Michael

  15. We will need to make a large house expense ($4k+) soon, and we can use a credit card to pay the vendor.

    Which credit card do you recommend that will have the highest mileage reward for spending appx $4k over the first three months? I only have a Delta Skymiles account but wish the skymiles were transferable to other airlines. Do you still recommend American Airlines?

    I enjoy your newsletter – it is well written and very informative!

  16. Lucky, my wife and I have been referring friends to different credit cards through the provided links from those specific cards. We have found that our friends are not receiving these referrals or in some cases getting them a week or more later and Chase is especially bad. AMEX appears to be fine. As you know when someone decides they want to get a CC they usually want to do it now and not wait. Is there some way we can get Chase to allow us to provide these friends a link like the ones that you use on OMAAT?

    Regards,

    jim

  17. Interestingly enough, I applied for a Frontier Airlines card many months ago and was denied. WTF? Since then I have received an Amex Everyday Preferred card, an Amex Premier Gold card, and an Amex Platinum Delta card. So what gives with a two bit operation like Frontier?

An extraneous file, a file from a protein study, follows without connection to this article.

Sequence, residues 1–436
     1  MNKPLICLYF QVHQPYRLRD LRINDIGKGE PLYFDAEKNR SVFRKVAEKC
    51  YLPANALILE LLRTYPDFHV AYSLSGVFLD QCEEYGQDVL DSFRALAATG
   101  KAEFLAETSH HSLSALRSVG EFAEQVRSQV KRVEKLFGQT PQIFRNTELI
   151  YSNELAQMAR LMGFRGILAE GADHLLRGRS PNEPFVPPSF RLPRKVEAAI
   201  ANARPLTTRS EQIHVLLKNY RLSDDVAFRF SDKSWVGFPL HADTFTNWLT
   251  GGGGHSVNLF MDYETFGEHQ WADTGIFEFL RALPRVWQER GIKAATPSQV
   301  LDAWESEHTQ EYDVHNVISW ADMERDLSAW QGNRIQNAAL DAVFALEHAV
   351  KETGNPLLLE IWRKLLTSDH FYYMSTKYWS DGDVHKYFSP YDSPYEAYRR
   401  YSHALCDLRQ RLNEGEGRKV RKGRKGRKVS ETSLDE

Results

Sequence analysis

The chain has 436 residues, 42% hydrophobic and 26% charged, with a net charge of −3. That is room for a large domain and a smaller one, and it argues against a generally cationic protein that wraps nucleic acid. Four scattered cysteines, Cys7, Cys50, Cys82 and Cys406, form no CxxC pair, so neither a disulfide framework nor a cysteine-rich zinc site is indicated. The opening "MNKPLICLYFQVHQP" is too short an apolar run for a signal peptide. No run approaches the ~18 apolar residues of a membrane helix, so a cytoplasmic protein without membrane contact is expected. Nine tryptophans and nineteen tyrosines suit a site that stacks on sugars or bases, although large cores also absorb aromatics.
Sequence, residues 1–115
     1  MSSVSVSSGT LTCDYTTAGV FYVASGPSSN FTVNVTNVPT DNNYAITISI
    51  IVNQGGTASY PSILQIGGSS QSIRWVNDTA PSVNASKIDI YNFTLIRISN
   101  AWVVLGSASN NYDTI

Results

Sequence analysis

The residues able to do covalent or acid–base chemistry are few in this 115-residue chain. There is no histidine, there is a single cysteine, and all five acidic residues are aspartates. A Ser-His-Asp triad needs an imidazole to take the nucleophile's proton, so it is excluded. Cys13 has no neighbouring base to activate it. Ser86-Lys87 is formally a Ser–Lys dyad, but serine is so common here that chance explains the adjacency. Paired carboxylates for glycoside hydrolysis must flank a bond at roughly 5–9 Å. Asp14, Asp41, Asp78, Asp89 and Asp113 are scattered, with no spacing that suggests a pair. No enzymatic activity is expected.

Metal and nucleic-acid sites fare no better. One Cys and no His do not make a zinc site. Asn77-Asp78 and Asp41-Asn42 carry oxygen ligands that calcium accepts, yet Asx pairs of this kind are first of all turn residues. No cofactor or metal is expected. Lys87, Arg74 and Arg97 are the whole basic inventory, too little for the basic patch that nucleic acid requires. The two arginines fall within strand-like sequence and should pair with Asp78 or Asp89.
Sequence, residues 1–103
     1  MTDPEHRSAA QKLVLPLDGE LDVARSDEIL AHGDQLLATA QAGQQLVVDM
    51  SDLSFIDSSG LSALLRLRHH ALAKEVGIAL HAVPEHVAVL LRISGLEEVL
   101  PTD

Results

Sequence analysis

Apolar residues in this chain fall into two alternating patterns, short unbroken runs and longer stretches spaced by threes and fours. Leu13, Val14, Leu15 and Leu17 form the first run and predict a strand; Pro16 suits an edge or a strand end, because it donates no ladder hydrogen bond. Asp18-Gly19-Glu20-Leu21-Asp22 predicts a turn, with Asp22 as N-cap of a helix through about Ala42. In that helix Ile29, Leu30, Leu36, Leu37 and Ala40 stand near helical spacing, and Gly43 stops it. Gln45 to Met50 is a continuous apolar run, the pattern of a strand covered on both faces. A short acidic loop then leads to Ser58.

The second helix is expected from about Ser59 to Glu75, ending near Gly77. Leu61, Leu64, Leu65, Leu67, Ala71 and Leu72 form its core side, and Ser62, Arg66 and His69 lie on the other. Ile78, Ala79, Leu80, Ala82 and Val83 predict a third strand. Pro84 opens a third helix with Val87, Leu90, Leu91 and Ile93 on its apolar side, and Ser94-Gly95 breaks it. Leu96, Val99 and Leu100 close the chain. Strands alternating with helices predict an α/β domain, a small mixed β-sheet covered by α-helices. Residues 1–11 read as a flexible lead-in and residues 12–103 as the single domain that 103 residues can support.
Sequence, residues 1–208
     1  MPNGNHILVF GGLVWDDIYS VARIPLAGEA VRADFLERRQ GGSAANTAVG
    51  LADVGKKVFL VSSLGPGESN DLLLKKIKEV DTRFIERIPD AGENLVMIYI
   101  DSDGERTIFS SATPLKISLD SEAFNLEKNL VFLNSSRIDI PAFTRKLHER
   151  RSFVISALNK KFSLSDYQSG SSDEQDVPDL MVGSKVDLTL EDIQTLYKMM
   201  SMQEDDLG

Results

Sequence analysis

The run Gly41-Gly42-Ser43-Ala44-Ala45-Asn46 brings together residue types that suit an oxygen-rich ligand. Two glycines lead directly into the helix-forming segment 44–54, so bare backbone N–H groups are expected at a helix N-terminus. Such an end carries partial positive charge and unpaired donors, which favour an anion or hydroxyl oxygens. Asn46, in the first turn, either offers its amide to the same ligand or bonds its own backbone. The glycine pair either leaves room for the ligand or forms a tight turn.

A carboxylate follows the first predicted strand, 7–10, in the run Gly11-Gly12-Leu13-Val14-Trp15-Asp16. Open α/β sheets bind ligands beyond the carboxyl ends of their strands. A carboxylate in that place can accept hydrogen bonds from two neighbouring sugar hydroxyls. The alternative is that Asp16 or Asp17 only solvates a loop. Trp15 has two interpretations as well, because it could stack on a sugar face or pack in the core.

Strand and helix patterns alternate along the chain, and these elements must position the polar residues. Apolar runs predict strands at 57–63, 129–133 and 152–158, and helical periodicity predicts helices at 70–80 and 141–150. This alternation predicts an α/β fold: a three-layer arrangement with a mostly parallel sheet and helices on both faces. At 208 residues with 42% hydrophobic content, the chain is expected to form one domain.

18. Hi Lucky

    I have Chase Saphire Reserve card and the SPG Amex card. I’m not sure which one to use under which circumstances in order to maximize my points. Also, I have SPG Gold status and would like to get to the Platinum level. Most of my business travel related stay at SPG gets charged to my corporate card, so, I’m also beginning to wonder if the SPG Amex card will do me any good. Any advice is really appreciated?

    Thanks
    Mona

  19. Hi Lucky
    I am a non-US resident.Is anything on your method/system applicable in any way to me ?
    Thanks

  20. Love reading about how the US system works. Unfortunately the UK especially and Europe as a whole is much tougher on their lending criteria and getting anymore than a few cards a year isn’t possible. Plus the cards in the UK aren’t nearly as beneficial as their US counterparts. Still you never know when that will change. Thanks for the great articles.
    Cheers
    James